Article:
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 A083593 Expansion of 1/((1-2*x)*(1-x^4)). 4
 1, 2, 4, 8, 17, 34, 68, 136, 273, 546, 1092, 2184, 4369, 8738, 17476, 34952, 69905, 139810, 279620, 559240, 1118481, 2236962, 4473924, 8947848, 17895697, 35791394, 71582788, 143165576, 286331153, 572662306, 1145324612, 2290649224 (list; graph; refs; listen; history; text; internal format)
 OFFSET 0,2 COMMENTS Here we let p = 4 to produce the above sequence, but p can be an arbitrary natural number. By letting p = 2, 3, 6, 7 we produce A000975, A033138, A195904 and A117302. We denote by U[p,n,m] the number of cases in which the first player gets killed in a Russian roulette game when p players use a gun with n chambers and m bullets. They never rotate the cylinder after the game starts. The chambers can be represented by the list {1,2,...,n}. We are going to calculate the following (0), (1), ..., (t) separately. (0) The first player gets killed when one bullet is in the first chamber and the remaining m-1  bullets are in {2,3,...,n}. We have binomial(n-1,m-1) cases for this. (1) The first gets killed when one bullet is in the (p+1)th chamber and the rest of the bullets are in {p+2,...,n}. We have binomial(n-p-1,m-1) cases for this. We continue to calculate and the last is (t), where t = floor((n-m)/p). (t) The first gets killed when one bullet is in the (pt+1)-st chamber and the remaining bullets are in {pt+2,...,n}. We have binomial(n-pt-1,m-1) cases for this. Therefore U[p,n,m] = Sum_{z=0..floor((n-m)/p)} binomial(n-pz-1,m-1). Let A[p,n] be the number of the cases in which the first player gets killed when p players use a gun with n chambers and the number of the bullets can be from 1 to n. Then A[p,n] = Sum_{m=1..n} U[p,n,m]. - Ryohei Miyadera, Tomohide Hashiba, Yuta Nakagawa, Hiroshi Matsui, Jun 04 2006 LINKS Vincenzo Librandi, Table of n, a(n) for n = 0..1000 Index entries for linear recurrences with constant coefficients, signature (2,0,0,1,-2). FORMULA a(n) = 2*a(n-1) + a(n-4) - 2*a(n-5). a(n) = -1/4 + (1/20 - i/10)*i^n + (1/12)*(-1)^n + (16/15)*2^n + (1/20 + i/10)*(-i)^n, for n >= 0, where i=sqrt(-1). - Paolo P. Lava, Jun 10 2008 If n is a multiple of 4, then a(n) = 2*a(n-1) + 1, otherwise a(n) = 2*a(n-1). - Gerald McGarvey, Oct 14 2008 a(n) = floor((2^(n+5) + 1)/30). - Tani Akinari, Jul 09 2013 a(n) = 2*a(n-1) + floor(((n-1) mod 4) /3), with a(0)=1. - Andres Cicuttin, Mar 29 2016 a(n) = 2*a(n-1) + 1 - ceiling((n mod 4)/4), with a(0)=1. - Andres Cicuttin, Mar 29 2016 15*a(n) = 2^(n+4) - A133145(n). - R. J. Mathar, Feb 27 2019 MATHEMATICA U[p_, n_, m_, v_]:=Block[{t}, t=Floor[(1+p-m+n-v)/p]; Sum[Binomial[n-v-p*z, m-1], {z, 0, t-1}]]; A[p_, n_, v_]:=Sum[U[p, n, k, v], {k, 1, n}]; (* Here we let p = 4 to produce the above sequence, but this code can produce A000975, A033138, A195904, A117302 for p=2, 3, 6, 7.*) Table[A[4, n, 1], {n, 1, 20}] (* Ryohei Miyadera, Tomohide Hashiba, Yuta Nakagawa, Hiroshi Matsui, Jun 04 2006 *) CoefficientList[Series[1/((1-2x)(1-x^4)), {x, 0, 40}], x] (* Vincenzo Librandi, Apr 04 2012 *) a[n_] := FromDigits[Table[(Mod[j, 4]/4) // Round, {j, 1, n + 3}], 2] (* Andres Cicuttin, Mar 25 2016 *) a[n_] := a[n] = 2 a[n - 1] + 1 - Ceiling[Mod[n, 4]/4]; a = 1; Table[a[n], {n, 0, 31}] (* Andres Cicuttin, Mar 27 2016 *) LinearRecurrence[{2, 0, 0, 1, -2}, {1, 2, 4, 8, 17}, 40] (* Harvey P. Dale, Apr 03 2018 *) PROG (PARI) Vec(1/((1-2*x)*(1-x^4))+O(x^99)) \\ Charles R Greathouse IV, May 15 2013 (PARI) a(n)=(16<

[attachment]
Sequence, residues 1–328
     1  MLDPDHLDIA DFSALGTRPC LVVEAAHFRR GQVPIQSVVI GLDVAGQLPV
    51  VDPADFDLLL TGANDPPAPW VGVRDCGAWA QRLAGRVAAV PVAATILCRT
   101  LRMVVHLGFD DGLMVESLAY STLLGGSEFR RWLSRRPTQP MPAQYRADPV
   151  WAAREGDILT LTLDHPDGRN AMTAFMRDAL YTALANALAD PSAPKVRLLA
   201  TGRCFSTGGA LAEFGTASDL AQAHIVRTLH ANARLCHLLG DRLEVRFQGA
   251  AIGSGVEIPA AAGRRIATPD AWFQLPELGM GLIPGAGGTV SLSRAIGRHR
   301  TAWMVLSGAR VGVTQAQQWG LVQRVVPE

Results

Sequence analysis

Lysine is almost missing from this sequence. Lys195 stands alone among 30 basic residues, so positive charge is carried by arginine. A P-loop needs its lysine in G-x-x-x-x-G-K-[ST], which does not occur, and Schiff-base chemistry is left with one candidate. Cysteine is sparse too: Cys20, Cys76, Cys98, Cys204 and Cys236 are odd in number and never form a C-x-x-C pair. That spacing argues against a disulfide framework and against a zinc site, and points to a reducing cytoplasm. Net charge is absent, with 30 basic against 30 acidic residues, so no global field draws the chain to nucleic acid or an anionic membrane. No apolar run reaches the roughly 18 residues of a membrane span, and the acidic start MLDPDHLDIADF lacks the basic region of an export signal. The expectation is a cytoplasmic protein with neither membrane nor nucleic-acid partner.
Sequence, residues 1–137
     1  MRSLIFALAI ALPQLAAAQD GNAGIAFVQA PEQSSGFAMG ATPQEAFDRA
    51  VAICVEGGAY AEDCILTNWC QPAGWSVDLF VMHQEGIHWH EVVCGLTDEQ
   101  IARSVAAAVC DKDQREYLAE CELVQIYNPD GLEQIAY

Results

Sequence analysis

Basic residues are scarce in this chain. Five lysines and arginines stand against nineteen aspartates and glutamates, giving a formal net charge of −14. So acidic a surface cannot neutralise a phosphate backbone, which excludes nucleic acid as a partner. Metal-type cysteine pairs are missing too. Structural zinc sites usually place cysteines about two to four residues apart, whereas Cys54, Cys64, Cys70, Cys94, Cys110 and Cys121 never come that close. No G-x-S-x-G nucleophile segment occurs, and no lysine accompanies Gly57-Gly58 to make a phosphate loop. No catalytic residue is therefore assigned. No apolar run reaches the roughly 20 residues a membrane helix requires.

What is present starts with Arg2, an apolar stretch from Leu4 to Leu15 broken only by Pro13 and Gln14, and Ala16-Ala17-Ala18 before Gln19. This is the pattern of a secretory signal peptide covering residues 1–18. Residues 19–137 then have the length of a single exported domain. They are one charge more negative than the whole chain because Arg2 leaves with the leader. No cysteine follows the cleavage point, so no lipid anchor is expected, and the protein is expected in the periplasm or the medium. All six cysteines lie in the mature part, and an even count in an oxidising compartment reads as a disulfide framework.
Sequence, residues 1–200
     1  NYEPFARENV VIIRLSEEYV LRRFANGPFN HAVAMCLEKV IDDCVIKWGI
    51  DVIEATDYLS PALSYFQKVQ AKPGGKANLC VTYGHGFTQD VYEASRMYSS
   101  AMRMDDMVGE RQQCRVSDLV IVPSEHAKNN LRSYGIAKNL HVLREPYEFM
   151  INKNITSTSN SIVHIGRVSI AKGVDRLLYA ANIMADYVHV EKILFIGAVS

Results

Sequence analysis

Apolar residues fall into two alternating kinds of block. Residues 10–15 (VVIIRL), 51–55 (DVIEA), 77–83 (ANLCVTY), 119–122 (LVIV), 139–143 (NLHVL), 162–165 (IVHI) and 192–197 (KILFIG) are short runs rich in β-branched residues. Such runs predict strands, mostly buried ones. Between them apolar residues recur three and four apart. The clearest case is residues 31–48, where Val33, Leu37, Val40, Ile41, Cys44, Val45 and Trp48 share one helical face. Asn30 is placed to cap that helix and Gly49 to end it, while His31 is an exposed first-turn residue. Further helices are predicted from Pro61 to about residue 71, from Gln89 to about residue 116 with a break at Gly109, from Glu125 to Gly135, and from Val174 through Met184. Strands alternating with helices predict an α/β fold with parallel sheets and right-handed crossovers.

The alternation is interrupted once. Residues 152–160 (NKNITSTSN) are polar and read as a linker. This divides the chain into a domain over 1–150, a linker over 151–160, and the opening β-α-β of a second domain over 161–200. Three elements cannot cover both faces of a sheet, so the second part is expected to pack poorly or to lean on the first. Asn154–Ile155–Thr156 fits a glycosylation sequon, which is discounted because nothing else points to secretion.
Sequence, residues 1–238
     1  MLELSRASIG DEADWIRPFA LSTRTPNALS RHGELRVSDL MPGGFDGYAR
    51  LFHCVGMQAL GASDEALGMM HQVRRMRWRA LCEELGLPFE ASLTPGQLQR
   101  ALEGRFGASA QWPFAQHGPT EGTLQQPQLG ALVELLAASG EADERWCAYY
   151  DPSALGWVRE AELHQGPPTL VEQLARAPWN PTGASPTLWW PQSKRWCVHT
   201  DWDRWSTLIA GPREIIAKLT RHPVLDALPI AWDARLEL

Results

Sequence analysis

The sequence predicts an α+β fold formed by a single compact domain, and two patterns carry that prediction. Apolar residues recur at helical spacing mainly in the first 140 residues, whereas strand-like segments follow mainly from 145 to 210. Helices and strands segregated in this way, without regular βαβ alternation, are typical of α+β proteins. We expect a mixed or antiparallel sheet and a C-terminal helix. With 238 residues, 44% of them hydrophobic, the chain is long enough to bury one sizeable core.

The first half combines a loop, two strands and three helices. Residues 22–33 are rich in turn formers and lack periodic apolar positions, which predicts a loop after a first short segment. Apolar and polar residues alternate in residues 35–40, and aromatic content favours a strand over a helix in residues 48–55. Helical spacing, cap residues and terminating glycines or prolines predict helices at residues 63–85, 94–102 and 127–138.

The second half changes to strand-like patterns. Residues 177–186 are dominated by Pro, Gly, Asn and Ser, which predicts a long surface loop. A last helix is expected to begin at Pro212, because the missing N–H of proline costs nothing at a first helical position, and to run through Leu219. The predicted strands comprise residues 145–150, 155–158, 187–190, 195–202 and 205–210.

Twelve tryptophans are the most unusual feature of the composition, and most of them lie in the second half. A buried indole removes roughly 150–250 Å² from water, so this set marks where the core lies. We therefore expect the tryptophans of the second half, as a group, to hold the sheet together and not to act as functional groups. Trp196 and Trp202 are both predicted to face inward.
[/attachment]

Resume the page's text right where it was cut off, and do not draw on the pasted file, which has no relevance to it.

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Last modified September 23 02:37 EDT 2019. Contains 327327 sequences. (Running on oeis4.)